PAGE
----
When trying to put in perspective the shortest bear market in US history—at least a bear market that saw the S&P 500 Index (S&P 500) sell off 30%+—there are any number of directions one can go. However, I decided to go with the children’s book we read to our son the most when he was a toddler, Bear Snores On— Llama Llama Red Pajama and Go, Dog, Go! were also quite popular, but luckily neither were his favorite as they can’t help frame a conversation around the end of a bear market!
If you are familiar with the story, Bear is hibernating in his cave and despite a howling wind and animals joining him to find shelter, he keeps sleeping and snoring away, until he doesn’t. Sort of like the bear market in US equities, which – after 103 trading days – officially ended last week. More specifically, on August 18 the S&P 500 closed at 3,389, just above its prior record close of 3,386, which it hit on February 19 (before beginning a bear market that would see the Index sell off 35%). Now one can make the case the bear market ended on March 30 once the S&P 500 rallied and closed 20% above its March 23 low of 2,192, but most folks on Wall Street feel a bear market has ended and a new bull market has begun only when the market closes above its prior all-time high. We have no desire to engage in such semantics, and we are aware the S&P 500 trades at about 25x earnings. We are in the seasonally weak period for stocks and the reopening of our economy is happening in fits and starts. Instead, for now, we want to appreciate and celebrate the unprecedented, and we feel appropriate, policy response to this awful pandemic, the remarkable resiliency of corporate America and the US consumer, and this historic – but not unexpected – rally in US equities. And, if you are so inclined, you can find a video of the author Karma Wilson reading Bear Snores On here. It is a delightful story.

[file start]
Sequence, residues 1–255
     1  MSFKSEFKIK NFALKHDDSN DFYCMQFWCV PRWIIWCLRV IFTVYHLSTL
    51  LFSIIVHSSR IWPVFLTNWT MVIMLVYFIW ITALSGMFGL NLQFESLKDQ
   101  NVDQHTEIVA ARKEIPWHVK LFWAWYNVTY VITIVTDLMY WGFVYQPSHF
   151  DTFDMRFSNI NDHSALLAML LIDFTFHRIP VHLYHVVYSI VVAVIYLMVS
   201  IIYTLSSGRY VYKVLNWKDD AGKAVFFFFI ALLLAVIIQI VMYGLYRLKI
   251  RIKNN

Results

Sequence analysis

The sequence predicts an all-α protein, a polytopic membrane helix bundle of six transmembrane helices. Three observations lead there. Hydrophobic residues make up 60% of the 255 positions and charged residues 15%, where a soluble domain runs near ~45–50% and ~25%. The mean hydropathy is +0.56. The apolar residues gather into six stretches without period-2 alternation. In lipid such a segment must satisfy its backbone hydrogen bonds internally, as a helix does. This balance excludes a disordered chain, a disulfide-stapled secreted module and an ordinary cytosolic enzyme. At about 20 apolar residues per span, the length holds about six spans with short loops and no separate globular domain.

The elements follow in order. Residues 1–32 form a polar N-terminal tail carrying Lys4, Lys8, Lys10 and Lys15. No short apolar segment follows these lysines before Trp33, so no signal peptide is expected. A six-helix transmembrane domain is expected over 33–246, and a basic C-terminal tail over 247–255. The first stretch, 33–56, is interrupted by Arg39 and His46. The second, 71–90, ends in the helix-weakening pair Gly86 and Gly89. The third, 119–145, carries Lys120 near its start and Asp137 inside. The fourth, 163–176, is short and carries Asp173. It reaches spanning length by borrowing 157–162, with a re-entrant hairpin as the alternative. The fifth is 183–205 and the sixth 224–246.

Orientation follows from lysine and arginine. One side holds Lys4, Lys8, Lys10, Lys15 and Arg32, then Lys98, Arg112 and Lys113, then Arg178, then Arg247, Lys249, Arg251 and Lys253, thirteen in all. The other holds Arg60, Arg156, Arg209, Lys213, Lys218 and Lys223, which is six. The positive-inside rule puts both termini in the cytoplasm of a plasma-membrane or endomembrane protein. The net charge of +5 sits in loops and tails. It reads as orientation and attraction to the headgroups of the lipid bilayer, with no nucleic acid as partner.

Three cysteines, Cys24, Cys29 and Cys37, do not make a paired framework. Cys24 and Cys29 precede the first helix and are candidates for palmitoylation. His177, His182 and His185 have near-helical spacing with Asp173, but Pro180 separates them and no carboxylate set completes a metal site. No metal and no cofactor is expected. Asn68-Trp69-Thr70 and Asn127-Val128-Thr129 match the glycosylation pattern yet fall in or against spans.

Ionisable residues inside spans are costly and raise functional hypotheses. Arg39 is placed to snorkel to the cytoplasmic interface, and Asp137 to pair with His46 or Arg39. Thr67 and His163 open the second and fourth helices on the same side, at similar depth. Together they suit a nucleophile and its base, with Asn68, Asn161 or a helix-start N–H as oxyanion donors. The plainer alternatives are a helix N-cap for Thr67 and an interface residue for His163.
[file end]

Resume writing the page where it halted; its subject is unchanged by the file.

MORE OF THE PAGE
Tagged: weekly wire, market perspectives, Tim Holland, bear market, COVID-19, S&P 500 Index, US equities